7. beachball

    J/111 Goes Sailing...

    Erm, just over half that amount would be about right (linky). Generally the choice will be between performance and comfort, i.e., racer vs. cruiser. Good, glad you like it. Appropriate forum is here
  8. beachball

    J/111 Goes Sailing...

    Which would be mostly well-built cruisers that said owners can take out for some safe racing on the weekends. And, giving credit where it is due, J//Boats are excellent at delivering exactly the above - and at a price point that lets them make very decent margins. More than can be said for many other boat builders...
  9. beachball

    newbie bowman tips

    Ah, but it does not have to clear the luff other than maybe a foot or two of the tack: Once you start hoisting the new kite outside the halyard will tend to slide up the luff of the old kite - some tension on the change sheet/the person feeding out the new kite guiding the sail accordingly/the new kite assuming its flying shape all help.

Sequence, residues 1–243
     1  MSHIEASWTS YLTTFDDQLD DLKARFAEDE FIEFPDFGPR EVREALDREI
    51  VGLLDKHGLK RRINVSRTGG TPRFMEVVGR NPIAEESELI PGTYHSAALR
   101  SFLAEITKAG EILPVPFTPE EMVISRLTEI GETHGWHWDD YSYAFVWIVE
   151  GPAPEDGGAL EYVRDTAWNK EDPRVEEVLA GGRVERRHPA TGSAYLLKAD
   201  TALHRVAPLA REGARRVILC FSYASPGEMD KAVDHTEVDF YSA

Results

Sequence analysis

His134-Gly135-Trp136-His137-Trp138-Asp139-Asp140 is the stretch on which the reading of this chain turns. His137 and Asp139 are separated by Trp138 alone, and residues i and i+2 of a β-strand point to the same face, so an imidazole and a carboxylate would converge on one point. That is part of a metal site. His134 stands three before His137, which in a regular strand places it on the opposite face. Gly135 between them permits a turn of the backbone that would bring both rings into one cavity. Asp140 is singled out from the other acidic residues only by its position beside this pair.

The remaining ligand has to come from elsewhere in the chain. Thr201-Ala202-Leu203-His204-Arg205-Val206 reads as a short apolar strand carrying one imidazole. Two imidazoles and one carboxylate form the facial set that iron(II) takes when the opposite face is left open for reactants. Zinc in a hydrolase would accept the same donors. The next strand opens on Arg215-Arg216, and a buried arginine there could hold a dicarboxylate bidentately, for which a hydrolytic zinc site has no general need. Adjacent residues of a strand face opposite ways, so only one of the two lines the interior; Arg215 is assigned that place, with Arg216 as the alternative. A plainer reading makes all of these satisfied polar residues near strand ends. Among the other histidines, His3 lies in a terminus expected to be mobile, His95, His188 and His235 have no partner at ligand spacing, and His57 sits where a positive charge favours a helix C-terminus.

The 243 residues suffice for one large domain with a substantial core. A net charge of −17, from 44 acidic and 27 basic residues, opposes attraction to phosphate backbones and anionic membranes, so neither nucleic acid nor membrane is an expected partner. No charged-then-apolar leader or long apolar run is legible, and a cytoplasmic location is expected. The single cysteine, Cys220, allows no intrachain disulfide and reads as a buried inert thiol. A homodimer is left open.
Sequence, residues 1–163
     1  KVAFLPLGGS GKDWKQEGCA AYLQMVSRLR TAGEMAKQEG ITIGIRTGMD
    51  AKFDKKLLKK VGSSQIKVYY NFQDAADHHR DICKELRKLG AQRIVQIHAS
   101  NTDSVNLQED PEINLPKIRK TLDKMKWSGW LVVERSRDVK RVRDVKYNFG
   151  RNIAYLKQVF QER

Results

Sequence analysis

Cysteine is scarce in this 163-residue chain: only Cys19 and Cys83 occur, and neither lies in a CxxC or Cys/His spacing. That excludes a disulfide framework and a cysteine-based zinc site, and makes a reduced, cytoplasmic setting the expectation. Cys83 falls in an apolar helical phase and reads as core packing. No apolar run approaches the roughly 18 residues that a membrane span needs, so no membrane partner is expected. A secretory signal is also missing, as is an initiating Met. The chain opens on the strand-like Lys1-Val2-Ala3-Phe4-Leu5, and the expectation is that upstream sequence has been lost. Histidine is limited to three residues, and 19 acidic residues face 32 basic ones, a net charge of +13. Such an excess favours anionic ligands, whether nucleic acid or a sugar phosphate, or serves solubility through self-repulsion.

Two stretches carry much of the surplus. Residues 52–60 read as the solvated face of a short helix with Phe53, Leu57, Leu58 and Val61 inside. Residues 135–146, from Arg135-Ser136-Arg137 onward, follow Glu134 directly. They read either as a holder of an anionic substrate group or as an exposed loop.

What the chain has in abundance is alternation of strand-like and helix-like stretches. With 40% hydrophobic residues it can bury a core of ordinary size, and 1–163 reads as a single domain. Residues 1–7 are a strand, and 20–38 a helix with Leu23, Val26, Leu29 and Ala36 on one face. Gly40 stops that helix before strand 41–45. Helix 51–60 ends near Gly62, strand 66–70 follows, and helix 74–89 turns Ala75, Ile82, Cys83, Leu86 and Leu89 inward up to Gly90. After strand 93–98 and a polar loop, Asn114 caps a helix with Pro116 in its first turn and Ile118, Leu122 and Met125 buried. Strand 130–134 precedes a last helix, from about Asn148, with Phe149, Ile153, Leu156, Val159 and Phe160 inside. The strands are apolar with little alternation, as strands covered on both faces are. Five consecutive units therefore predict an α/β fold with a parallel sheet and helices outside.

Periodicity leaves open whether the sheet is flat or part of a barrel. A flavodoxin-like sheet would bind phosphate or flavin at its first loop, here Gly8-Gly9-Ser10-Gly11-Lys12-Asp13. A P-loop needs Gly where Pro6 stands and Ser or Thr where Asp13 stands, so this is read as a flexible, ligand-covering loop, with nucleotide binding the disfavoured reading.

10. beachball

    newbie bowman tips

    So the P halyard was simply crossed on top of the SB one at the MH? Depending on conditions, you might not have to do much/anything: If you are planning to gybe anyway, attach the P halyard to the tip of the sprit and gybe the kite inside of it. If you want to/need to peel while still on SB gybe, scoot out to tip of sprit and lead the P halyard underneath the kite - you should be able to do an outside hoist that way (very slowly and carefully). In either case proceed with caution - if it works all should be good, but if not the mess could be considerable.